Robert L. Dunbar is a veteran of social media development, journalism, and internet search engine technologies. Dunbar is a writer and multi-disciplined artist in several genres, including science fiction, screen writing, composition, fiction, non-fiction, poetry, and blogging. His experience includes information technology and digital humanities experience encompassing digital image and data library management, network administration, and systems enterprise support, with thirty years of experience in the following fields: legal (intellectual property, general practice), defense (NASA, Sonicraft, Futron), non-profits (QEM Network), Journalism (Freedom Forum and Newseum), and higher education (Brandeis University, Harvard University, MIT). Dunbar has studied at MIT and is a graduate of Brandeis University with Bachelor of Arts degrees in African and African-American Studies and in American Studies.

Philip N. Alexander - Research Consultant

Philip N. Alexander is a Research Affiliate in Comparative Media Studies/Writing Program at MIT. For over 40 years at MIT, he has investigated the history of science and medicine, and he has worked on biographies, exhibits, and other projects related to the history of the Institute. Alexander is the author of A Widening Sphere: Evolving Cultures at MIT (MIT Press, 2011), and he completed the history of MIT's founding and early years, Mind and Hand (MIT Press, 2005), following the death of one of the coauthors (Julius Stratton) and the failing health of the other (Loretta Mannix).

Arnold R. Henderson, Jr. - Consultant

Arnold R. Henderson, Jr. 2012

Arnold R. Henderson, Jr. came to MIT as an assistant dean for counseling in 1986 and headed Counseling and Support Services beginning in 1996. He served on numerous presidential Institute committees, including the President's Americans with Disabilities Act Advisory Committee and the President's Planning Committee for the Dr. Martin Luther King Jr. Celebration. Henderson has been honored with a 2000 YMCA Black Achiever Award, a 2009 MIT Excellence Award, and a 2012 MIT MLK Leadership Award. He and his wife Jeannette are the parents of jazz vocalist Lauren Henderson.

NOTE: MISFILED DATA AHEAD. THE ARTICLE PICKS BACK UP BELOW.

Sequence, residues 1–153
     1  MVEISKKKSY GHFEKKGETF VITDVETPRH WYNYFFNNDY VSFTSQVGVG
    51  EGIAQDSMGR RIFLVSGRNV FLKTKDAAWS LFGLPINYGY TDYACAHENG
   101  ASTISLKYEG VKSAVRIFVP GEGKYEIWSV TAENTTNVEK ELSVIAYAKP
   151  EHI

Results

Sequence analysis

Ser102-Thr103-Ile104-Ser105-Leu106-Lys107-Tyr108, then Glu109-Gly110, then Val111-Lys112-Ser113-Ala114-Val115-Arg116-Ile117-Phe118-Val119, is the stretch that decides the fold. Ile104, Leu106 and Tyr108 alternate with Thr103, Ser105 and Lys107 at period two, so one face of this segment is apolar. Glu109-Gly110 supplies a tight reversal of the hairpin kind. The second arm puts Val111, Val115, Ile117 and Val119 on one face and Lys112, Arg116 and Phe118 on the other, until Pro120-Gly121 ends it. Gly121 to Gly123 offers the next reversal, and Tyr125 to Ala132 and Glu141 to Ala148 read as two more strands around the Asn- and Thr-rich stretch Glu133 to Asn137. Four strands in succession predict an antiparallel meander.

DiOnetta Jones Crayton - Consultant

DiOnetta Jones Crayton

DiOnetta Jones Crayton is the Associate Dean for Undergraduate Education and Director of the Office of Minority Education at the Massachusetts Institute of Technology. Dean Crayton plays a critical role in ensuring that the Institute develops and supports the overall success of all students, particularly those from underrepresented minority groups. Prior to this appointment, she was the Director of Diversity Programs for the College of Engineering at Cornell University. She previously served as Director of Education, Training and Outreach at The National Consortium for Graduate Degrees for Minorities in Engineering and Science, Inc. (GEM). Before joining GEM, she held the position of Statewide Associate Director for California’s Mathematics Engineering and Science Achievement Schools Program at the University of California, Berkeley Office of the President. She also served as Director of the MESA Schools Program and the MESA Engineering Program at the University of the Pacific in Stockton, CA. Dean Crayton is affiliated with many educational and technical organizations, and she has held several national positions including Director for Diversity Advancement for the Women in Engineering ProActive Network, Inc. (WEPAN); National Treasurer for the Institute for Broadening Participation; Member of the Massachusetts’ Governor’s Diversity Subcommittee on STEM; and she is a former National Secretary of the National Association of Multicultural Engineering Program Advocates, Inc. (NAMEPA). She is also an active member of Alpha Kappa Alpha Sorority, Inc. She has won several awards at MIT and nationally, including the DUE Infinite Mile Award for Leadership in 2010, the BSU Faculty/Staff Member of the Year Award in 2016, BWA’s Inaugural Ayida Mthembu Award in 2017, and most recently, she won the coveted WEPAN Inclusive Culture and Equity Award for her tremendous work in diversifying STEM in higher education. Dean Crayton holds a BA Degree in Communications from Northwestern State University in Natchitoches, LA and a MA Degree in Educational and Counseling Psychology from the University of the Pacific in Stockton, CA. She is a licensed minister, and she has also completed post-graduate course work in Education Administration, Divinity, and Theology.